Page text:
Lately I have been chatting with people who were wondering what the fuss about interest rates is all about. Not being an economist I can’t claim to be an expert, but in this era of social media everyone is an expert in everything, right?. This is what I know …..
The Reserve Bank of Australia dropped interest rates again in August. It is now at the unprecedented rate of 1.5% and will probably stay low for some time. This is also the month that the highly respected governor of the RBA, Glenn Stevens, retired after 10 years in the role. Polls have shown that the RBA, the High Court and the ABC are Australia’s most respected and trusted institutions.
But this most trusted institution is clutching at straws and shows that adjusting interest rates is the only lever it has left to try to promote growth. Constant growth being the only strategy available to most advanced economies to keep the wheels on the global bus and keeping everyone gainfully employed.
The government dropped interest rates because inflation is well below the hoped for range of between 1-3%. Why do they want to increase inflation, which is usually seen as a bad thing? A reasonable amount of inflation is a sign of growth and an increased GDP. Without any inflation the economy is in danger of going into “deflation”.
What is deflation? Deflation is where prices and wages are diminishing instead of growing. Japan, for example, has been in deflation for over 20 years. Once a country is in deflation it is very hard to kick start the economy back into growth. In deflation, consumers are hesitant to buy and investors do not invest when they think they can get something cheaper in the future. It becomes a negative downward cycle.
The downside to lowering our rates to this level means the RBA is using all its leverage and influence early when most likely they will need all its firepower later. Most of the world is currently stagnant or in deflation already. Australia is the only OECD country that has experienced over 20 years of constant growth. Most likely we are about to join our fellow western nations in a recessionary or flat economic period. Turnbull’s talk of being agile and nimble and somehow ducking this bullet looks as bogus as everything else coming out of Canberra. This rate reduction has very little chance of making any difference at all.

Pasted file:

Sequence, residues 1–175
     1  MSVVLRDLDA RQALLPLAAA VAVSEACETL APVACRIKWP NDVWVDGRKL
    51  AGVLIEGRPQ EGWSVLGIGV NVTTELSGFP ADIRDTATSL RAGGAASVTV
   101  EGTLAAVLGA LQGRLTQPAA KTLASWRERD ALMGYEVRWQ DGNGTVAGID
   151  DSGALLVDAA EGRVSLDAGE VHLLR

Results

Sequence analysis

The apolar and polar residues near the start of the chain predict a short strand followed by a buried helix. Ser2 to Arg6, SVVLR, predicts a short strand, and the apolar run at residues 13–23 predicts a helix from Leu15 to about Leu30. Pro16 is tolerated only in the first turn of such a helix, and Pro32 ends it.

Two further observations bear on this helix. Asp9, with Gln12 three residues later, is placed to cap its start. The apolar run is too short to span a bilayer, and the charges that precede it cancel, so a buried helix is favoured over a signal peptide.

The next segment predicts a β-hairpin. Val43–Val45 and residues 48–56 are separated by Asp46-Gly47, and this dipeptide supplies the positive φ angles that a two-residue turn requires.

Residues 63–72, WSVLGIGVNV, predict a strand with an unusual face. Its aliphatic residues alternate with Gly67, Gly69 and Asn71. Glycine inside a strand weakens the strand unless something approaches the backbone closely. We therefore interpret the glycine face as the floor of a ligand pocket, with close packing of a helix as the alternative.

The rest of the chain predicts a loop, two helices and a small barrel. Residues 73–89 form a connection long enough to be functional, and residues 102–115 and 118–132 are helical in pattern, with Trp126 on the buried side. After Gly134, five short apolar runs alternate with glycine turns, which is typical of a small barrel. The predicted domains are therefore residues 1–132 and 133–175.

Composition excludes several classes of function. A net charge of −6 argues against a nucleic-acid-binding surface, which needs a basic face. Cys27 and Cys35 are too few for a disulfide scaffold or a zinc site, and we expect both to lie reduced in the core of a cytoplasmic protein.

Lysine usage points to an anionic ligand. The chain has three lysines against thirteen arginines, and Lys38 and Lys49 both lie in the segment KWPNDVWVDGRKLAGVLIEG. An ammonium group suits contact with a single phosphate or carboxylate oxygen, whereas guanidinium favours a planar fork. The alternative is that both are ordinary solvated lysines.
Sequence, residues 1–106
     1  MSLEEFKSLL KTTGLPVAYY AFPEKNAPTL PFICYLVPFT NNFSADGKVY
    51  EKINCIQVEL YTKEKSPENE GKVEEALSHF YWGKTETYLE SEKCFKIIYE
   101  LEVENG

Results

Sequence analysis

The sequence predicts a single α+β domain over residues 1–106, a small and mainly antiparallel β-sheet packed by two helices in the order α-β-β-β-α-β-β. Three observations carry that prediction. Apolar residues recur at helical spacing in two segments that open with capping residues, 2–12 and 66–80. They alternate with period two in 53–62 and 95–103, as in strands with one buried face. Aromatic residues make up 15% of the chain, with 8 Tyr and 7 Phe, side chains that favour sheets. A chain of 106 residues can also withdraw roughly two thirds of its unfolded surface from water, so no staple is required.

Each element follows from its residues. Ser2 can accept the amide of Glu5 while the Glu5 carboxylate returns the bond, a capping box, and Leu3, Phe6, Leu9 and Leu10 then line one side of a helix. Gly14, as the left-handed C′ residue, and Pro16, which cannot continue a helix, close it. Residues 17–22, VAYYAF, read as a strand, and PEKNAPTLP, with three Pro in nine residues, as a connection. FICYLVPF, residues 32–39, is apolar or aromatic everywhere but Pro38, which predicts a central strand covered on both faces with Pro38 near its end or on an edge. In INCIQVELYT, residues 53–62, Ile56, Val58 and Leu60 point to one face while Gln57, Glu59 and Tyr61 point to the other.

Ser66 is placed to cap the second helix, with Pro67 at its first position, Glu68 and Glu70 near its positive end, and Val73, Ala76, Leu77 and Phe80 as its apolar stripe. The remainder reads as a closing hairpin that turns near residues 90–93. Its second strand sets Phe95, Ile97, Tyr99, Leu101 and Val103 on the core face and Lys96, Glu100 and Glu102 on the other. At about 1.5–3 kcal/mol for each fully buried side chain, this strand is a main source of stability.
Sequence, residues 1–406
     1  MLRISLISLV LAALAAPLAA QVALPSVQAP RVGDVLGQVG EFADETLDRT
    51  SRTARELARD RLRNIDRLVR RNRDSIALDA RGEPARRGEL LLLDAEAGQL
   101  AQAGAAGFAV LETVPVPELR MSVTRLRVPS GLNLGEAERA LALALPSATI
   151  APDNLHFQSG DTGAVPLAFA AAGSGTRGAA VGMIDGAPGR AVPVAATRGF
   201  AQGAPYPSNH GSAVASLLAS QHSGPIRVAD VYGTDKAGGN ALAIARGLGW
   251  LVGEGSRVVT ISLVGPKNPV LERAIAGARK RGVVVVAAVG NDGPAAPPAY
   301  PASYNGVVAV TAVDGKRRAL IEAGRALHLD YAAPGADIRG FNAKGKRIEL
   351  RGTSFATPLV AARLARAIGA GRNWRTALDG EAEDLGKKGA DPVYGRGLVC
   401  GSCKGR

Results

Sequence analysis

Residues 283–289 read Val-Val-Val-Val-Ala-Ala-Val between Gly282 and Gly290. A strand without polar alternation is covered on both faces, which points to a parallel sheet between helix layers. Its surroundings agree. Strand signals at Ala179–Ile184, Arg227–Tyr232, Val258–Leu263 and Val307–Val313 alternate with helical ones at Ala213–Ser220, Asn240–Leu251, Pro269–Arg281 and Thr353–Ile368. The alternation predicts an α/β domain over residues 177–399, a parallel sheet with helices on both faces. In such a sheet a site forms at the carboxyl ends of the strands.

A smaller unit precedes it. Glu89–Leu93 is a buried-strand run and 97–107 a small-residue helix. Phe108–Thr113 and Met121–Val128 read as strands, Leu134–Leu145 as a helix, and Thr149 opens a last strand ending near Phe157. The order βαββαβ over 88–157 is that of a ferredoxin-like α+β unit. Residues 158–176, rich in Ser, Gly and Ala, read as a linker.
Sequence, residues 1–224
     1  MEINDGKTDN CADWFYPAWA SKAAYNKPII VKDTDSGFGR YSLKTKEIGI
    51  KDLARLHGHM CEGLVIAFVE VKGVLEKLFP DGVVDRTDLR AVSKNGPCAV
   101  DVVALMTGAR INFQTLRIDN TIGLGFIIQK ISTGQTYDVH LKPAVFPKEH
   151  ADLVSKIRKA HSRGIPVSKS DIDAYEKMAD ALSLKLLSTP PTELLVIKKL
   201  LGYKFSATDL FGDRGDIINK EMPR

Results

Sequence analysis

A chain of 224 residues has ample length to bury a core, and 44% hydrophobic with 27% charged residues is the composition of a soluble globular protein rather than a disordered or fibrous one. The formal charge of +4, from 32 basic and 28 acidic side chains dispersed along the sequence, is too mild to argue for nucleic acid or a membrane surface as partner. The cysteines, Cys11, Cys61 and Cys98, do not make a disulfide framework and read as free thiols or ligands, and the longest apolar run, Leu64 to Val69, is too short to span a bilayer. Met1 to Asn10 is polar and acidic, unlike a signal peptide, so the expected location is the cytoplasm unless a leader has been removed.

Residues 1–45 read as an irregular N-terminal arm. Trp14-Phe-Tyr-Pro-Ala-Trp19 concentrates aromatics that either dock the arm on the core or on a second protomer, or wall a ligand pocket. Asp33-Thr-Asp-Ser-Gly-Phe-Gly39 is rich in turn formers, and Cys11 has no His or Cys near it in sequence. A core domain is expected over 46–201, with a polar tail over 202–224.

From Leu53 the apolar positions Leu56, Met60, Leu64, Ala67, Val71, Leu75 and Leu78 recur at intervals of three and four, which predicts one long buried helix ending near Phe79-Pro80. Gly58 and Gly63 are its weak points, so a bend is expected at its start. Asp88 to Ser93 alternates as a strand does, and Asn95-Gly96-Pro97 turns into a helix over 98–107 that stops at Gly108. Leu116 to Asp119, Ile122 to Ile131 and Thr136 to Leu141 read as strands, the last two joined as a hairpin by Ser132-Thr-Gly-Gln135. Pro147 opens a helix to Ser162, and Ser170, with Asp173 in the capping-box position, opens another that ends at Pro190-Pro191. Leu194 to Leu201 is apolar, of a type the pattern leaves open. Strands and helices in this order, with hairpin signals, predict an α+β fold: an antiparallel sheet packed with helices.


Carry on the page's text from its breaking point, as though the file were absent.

What this means for property is interesting. A buoyant property market and strong construction industry is one of the only bright areas in our economy. The government is ready to sacrifice first homeowners and renters in favour of maintaining a strong real estate market. They also look to be incapable or incompetent to try anything difficult or dangerous anyway. When you couple this with the planned changes to superannuation (which will limit tax incentives for wealthy retirees) property investment will be the only area for blue sky for most people. Why would anyone leave his or her assets in managed funds or the share market with such minimal returns?
Many people are saying we are at the top of the property cycle even though talk of a bubble has magically receded. Those headlines are only dragged out to sell papers. The mainstream daily newspapers are on their last legs and will resort to anything to increase circulation. But even if the economy turns south, with these present economic conditions it is unlikely there will be a major downturn in quality property in good locations. There is just no other asset class offering the stability, returns or potential growth as what real estate does.
Similarly, some people are predicting a downturn due to uncertainties around Chinese property investment in this country. It has to be acknowledged that all of this anti-Chinese sentiment is racist dog whistling. The media complains about Chinese investors continually overbidding poor Aussie couples and families at auctions. With only a small amount of research or knowledge one would realise these buyers are either Chinese-Australian residents or Asian students buying established properties or attending auctions. Foreign investment rules already exclude non-nationals buying established properties or even attending auctions, as they cannot bid under auction conditions.
Chinese buyers are buying a lot of off-the-plan units – as they are allowed to do. There will definitely be a correction in unit prices in Sydney, Melbourne and Brisbane. The Brisbane downturn will be the highest as the Chinese are not interested in Brisbane. They are interested in Sydney and Melbourne because of the established cultural connections in these capitals and it is prestigious for wealthy Chinese to own property there. It does not matter if they stay empty and are never rented as they are purchased for other reasons.
The final point is that low interest rates are probably going to be here for a while. This will also bolster property investment. Unless the Australian economy lucks its way into another mining boom, IT start ups or agricultural produce export bonanza – property and construction is all we’ve got.